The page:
Back in 1988, the Plastics Industry Association (now the Society of the Plastics Industry) developed a Resin Identification Code (RIC) system to identify the unique plastic resin type of a product. It consisted of a set of three arrows in the iconic clockwise direction, forming an equilateral triangle containing a number from 1 to 7 corresponding to the type and recyclability of that material.
This uniform coding system is still in use today and allows consumers and waste recycling facilities to sort waste prior to recycling. The problem is that most people don't understand what these symbols mean. You can learn more by checking out our "Plastic is not just plastic" article.
Researchers at the University of Queensland have proposed a new approach to plastic labelling to help consumers make informed decisions about plastic use.
The proposed labeling system aims to move away from indicating the theoretical recyclability of plastics. Instead, the researchers hope to create a sustainability scale that will inform consumers about the overall impact of plastics on the environment and human health. They also suggest that manufacturers list a breakdown of plastic ingredients, which may include chemical additives such as flame retardants or Bisphenol A.
Currently, plastic labels are overly simplistic, often abstract and sometimes inaccurate. The compostability and recyclability of PLA film, for example, depends on regional infrastructure. If the local waste collection area does not have an industrial composting facility or a recycling facility specifically for bioplastics, he explained, then the coffee cups are neither compostable nor recyclable. Instead, the cups are shipped to landfills, where they can produce methane and eventually lead to greenhouse gas emissions. That's why the authors also recommend requiring packaging to carry region-specific disposal instructions.
Consumers need to be educated about the harmful effects of handling plastics. The challenge, however, is that too much information can be confusing and too little can be misleading. A new labeling system that would inform consumers about the environmental and human health impacts of plastics would also make people think twice before buying plastic items. This would force companies to explore safer alternatives.
Yet changing the labeling system won't necessarily increase recycling rates. The problem is that most plastic packaging cannot be recycled. Today, only polyethylene terephthalate (PET) and high-density polyethylene (HDPE) bottles and water bottles with acceptable shrink sleeves and labels can claim to be recyclable in the U.S. Most types of plastic packaging are not economically recyclable now and will remain so for the foreseeable future.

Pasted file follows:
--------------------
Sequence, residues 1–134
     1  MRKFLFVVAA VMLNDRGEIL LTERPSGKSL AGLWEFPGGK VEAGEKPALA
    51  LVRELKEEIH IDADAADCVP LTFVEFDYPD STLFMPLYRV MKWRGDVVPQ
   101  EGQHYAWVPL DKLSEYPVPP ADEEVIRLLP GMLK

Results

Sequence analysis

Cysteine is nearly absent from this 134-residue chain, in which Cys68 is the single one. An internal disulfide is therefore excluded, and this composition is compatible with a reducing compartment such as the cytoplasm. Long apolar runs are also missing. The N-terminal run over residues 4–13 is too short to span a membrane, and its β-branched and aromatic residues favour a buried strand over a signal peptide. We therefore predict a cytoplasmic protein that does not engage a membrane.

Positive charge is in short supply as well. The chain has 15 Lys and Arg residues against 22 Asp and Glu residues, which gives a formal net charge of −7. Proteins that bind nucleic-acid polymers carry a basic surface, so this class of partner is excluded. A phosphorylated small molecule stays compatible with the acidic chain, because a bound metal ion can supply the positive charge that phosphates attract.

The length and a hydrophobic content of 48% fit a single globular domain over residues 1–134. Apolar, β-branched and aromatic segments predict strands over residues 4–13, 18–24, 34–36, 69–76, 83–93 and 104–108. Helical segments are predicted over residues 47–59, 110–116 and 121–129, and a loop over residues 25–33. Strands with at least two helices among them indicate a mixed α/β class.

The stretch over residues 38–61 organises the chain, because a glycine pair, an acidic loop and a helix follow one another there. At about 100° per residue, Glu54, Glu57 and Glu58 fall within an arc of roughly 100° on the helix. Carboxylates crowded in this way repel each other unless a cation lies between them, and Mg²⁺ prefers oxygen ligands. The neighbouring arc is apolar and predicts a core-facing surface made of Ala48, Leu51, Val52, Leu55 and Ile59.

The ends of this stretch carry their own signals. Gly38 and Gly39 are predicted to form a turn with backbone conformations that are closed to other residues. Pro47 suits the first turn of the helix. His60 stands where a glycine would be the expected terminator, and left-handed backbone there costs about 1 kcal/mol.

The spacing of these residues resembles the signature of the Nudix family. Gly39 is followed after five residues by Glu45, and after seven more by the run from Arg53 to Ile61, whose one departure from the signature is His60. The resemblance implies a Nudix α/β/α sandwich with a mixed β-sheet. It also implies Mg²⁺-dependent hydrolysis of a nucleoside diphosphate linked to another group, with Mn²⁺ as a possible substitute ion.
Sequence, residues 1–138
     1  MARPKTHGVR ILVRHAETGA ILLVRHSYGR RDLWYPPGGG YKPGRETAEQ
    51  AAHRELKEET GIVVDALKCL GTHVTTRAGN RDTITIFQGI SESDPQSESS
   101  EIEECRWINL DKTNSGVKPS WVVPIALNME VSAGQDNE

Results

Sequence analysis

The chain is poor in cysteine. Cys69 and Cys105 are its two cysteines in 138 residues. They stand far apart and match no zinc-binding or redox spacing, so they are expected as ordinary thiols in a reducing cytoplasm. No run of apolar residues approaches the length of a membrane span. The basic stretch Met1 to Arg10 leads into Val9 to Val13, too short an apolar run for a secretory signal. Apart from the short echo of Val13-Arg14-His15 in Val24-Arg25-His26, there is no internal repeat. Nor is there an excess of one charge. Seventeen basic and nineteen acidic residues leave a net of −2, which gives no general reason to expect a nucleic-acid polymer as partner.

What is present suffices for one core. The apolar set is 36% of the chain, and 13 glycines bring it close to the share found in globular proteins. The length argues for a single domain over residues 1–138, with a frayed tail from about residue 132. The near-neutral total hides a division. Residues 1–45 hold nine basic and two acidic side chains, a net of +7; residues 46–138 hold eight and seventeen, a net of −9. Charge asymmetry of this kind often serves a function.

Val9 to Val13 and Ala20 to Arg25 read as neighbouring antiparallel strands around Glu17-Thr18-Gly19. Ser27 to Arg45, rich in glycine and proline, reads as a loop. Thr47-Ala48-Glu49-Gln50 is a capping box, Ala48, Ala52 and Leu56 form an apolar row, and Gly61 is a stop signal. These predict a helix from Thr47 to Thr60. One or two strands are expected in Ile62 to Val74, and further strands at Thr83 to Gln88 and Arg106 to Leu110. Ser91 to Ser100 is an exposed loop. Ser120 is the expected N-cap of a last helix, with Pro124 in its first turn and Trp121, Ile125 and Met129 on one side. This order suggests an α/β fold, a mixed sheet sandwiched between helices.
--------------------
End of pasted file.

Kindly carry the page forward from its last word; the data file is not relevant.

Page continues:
The EPR policy approach is a strategy in which manufacturers are responsible for handling or disposing of their products at the post-consumer stage. Currently, only 20 companies produce more than half of the world's single-use plastic waste. Addressing the problem at the source and regulating manufacturers may help reduce overall plastic waste.
Companies must move beyond outdated, failed methods to promote recycling to address excessive plastic waste and pollution. Rather than pretend that the trillions of single-use plastic products produced each year will be recycled or composted, companies must first stop making so much of it. To meet the promise of recyclability, reusability or compostability, companies must get serious about adopting a reusable or refillable business model.
For more than 10 years, HYF has been committed to nature and its uniqueness. By focusing on recycling, we want to contribute to the conservation of resources and ecological balance. We represent the foremost world leading producer of plastic films, offering the latest product innovations in the field of high quality films and shrink sleeve packaging, pharmaceutical industry and biodegradable materials. Please contact us for cooperation.
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